Neurosurgery Service, Alicante University General Hospital, Alicante Institute for Health and Biomedical Research (ISABIAL - FISABIO Foundation), Alicante, Spain.
Few studies with more than 10 patients have been reported.
It is well known in children but uncommon in adults.
The pathogenesis of pseudocysts remains unclear, it is attributed to an inflammatory response, usually the result of infection and nonspecific inflammatory processes.
Diverse predisposing factors have been proposed such as previous abdominal surgeries, multiple VPS revisions, history of necrotizing enterocolitis.
The wall is composed of fibrous tissue without an epithelial lining and is filled with cerebrospinal fluid. Debris is identified in the majority of the fluid collections.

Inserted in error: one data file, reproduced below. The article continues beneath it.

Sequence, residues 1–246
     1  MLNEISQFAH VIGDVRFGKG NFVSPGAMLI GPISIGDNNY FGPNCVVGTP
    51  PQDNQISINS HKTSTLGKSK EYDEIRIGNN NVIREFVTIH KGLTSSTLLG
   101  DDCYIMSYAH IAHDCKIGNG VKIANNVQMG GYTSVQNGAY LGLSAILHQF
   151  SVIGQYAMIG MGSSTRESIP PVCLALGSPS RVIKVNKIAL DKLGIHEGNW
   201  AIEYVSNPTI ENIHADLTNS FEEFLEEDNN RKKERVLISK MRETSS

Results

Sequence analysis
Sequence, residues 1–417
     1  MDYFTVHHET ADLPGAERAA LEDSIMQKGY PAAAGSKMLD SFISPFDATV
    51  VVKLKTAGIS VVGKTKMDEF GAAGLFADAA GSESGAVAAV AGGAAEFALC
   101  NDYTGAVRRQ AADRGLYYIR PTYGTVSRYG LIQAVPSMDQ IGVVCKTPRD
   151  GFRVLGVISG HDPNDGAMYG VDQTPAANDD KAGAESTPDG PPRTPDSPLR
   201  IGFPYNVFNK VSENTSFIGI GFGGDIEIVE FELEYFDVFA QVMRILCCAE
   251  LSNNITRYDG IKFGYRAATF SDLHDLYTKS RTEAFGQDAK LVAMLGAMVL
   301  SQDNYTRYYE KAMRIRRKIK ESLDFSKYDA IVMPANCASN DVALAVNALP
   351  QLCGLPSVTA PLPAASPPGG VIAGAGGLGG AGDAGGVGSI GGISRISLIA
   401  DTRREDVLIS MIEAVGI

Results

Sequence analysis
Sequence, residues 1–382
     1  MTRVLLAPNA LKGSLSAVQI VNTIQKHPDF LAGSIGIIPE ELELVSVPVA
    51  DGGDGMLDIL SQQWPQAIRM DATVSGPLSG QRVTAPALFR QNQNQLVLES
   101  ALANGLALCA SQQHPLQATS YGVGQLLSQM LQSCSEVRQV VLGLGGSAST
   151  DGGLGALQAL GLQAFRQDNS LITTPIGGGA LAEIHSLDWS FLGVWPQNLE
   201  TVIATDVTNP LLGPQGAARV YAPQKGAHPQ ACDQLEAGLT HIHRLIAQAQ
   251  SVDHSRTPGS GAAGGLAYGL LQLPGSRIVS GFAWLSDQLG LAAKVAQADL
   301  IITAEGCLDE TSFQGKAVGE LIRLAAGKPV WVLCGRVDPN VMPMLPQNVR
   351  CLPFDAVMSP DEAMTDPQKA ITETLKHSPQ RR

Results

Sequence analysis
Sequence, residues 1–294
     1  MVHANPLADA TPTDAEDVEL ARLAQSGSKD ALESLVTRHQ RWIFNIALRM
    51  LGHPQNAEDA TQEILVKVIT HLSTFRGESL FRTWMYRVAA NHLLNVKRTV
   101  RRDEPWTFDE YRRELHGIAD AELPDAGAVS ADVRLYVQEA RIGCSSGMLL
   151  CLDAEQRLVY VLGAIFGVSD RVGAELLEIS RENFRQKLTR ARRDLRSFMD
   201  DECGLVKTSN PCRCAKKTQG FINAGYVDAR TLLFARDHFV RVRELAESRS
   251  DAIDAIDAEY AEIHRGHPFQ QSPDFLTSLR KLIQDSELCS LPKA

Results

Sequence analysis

The pseudocyst can either move freely within the peritoneal cavity or adhere to small-bowel loops, the serosal surface of solid organs, the parietal peritoneum, or small-bowel loops. The latter would explain why some bowel loops may become engulfed when the pseudocyst increases in size or why the pseudocyst may be prone to torsion.
Pediatric patients commonly present with symptoms of elevated intracranial pressure and abdominal pain, whereas adults predominantly present with abdominal signs only.
They are seen as a thin-walled cystic mass around the shunt tip. Ultrasonography or CT can indicate the definitive diagnosis.
Ultrasonography proved to be the method of choice in the diagnosis of VPS abdominal complications, especially CSF pseudocyst.
Well defined hypoechoic / anechoic cystic mass with tip of VP shunt within it
Pressure effects on adjacent organs if mass is huge
Multiple septae may form chronically
Debris and internal echoes are seen if the mass is infected